Judge dismisses lawsuits about disputed invoice
Steamboat Springs — Lawsuits filed earlier this month by the Routt County Board of Commissioners and Sheriff Gary Wall against each other and the Steamboat Pilot & Today were dismissed by a judge last week.
The lawsuits had sought a court determination as to whether the county or the Sheriff’s Office is required to release copies of a disputed invoice for $6,700 in legal services provided by Ralph A. Cantafio, who has acted as legal counsel for Wall in his ongoing disputes with the commissioners.
The decision, filed last week by Judge Phillip Roan, states “there is no justiciable controversy before this court” and dismissed the suits for “lack of jurisdiction.”
On Dec. 8, newspaper attorneys filed a notice of nonappearance, informing the court that the Steamboat Pilot & Today, parent company WorldWest LLC, and the reporter named in the suit would not participate in the court proceedings and declined to protest the refusal of the county and the Sheriff’s Office to provide copies of the invoice.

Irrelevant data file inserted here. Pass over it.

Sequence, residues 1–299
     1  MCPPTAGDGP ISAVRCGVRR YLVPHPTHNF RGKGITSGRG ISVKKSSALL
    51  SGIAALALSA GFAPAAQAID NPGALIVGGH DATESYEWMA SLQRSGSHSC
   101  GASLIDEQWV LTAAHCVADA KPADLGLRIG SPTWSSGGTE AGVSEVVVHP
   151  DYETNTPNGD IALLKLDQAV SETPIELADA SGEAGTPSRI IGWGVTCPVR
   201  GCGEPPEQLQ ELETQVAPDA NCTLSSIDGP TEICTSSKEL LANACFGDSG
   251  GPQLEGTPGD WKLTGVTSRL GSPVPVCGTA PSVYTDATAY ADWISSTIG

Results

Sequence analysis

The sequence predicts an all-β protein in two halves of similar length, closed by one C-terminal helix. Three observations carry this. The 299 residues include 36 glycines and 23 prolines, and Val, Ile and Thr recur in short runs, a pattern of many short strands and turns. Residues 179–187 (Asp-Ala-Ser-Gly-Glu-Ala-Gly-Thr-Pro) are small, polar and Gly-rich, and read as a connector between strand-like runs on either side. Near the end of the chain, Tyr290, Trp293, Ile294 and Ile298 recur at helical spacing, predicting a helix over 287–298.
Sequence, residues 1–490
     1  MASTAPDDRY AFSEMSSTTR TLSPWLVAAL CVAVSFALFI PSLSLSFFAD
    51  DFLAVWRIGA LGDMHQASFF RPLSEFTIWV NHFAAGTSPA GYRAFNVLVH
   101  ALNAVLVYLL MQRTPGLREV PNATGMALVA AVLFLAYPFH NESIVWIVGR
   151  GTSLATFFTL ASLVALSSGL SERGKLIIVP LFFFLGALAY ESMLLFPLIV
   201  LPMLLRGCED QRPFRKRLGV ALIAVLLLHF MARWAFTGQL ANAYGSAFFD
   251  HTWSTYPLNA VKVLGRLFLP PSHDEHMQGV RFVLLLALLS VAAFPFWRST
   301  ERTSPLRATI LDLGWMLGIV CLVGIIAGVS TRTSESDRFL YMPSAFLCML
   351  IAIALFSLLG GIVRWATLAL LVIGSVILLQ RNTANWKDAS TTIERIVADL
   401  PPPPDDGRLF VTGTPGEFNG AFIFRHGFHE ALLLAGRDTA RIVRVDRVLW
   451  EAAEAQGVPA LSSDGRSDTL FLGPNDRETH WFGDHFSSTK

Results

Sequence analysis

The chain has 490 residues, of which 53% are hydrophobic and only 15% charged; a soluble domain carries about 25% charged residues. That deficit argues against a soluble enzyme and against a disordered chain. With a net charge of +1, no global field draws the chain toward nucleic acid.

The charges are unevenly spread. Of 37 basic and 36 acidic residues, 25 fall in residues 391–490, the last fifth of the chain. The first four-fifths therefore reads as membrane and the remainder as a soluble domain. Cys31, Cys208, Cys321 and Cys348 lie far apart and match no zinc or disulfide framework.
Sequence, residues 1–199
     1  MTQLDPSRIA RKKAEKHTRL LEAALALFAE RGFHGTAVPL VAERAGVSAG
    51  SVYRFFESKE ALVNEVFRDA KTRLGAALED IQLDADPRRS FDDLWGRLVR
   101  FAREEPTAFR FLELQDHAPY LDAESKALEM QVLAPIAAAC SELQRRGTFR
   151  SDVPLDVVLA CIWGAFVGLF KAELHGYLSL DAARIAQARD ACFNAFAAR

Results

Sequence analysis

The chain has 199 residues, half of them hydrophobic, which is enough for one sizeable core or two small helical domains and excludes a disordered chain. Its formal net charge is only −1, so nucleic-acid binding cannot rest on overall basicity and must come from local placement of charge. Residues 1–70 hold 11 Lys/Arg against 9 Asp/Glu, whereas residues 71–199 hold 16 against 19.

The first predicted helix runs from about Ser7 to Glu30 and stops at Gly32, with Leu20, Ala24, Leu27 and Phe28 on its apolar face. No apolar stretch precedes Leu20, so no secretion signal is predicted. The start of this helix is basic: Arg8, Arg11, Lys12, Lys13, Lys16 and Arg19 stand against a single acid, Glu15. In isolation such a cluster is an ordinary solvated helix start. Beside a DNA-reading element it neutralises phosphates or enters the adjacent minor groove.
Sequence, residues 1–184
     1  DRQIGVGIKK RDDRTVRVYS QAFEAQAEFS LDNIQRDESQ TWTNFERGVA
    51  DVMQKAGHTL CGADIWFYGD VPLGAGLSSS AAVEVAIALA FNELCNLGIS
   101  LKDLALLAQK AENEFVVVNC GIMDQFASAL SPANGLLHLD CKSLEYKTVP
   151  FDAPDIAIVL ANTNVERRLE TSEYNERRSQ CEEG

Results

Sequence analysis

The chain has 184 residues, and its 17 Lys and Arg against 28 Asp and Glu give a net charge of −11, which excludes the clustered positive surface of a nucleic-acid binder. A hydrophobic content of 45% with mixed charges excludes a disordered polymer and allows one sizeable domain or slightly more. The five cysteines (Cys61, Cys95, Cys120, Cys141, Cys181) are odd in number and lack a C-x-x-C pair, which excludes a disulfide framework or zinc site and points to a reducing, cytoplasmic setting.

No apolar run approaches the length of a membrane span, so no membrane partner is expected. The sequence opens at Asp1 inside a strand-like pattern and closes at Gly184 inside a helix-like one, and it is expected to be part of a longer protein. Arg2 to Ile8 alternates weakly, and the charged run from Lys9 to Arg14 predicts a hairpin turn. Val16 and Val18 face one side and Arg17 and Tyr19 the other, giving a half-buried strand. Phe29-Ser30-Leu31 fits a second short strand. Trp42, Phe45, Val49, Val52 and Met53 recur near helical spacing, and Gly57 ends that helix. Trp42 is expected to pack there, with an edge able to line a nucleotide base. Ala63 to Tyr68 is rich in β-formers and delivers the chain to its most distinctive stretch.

The Pilot & Today’s court filing indicated that the newspaper took the position that the lawsuits were unjustified and unnecessary.
According to the Colorado Open Records Act, a records custodian can seek the court’s guidance only when the custodian is unable to determine whether a public record should be disclosed. In this particular case, newspaper attorneys argued, the Sheriff’s Office and the commissioners already had denied access to the legal invoice, meaning there was no issue left for the court to decide.
“This court may not issue advisory opinions, which is, in the absence of legal controversy, what both applicants are seeking,” Roan wrote in his decision to dismiss the lawsuits.
The Pilot & Today submitted requests for the legal invoice under the Colorado Open Records Act on Nov. 25.
The disputed legal services performed by Cantafio’s office are thought to involve former Sheriff John Warner and former Deputy Lance Eldridge. Eldridge delivered damaging testimony against Wall in the July trial that led to the sheriff’s conviction for driving while ability impaired. Eldridge resigned from the Sheriff’s Office the same day he testified, and two days later, he said he felt he “had no choice” but to resign and that the decision was related to his testimony.
In addition to the disputed $6,700, Routt County taxpayers have paid Cantafio’s office nearly $30,000 this year for Sheriff’s Office legal services, not including the work that went into this latest lawsuit.
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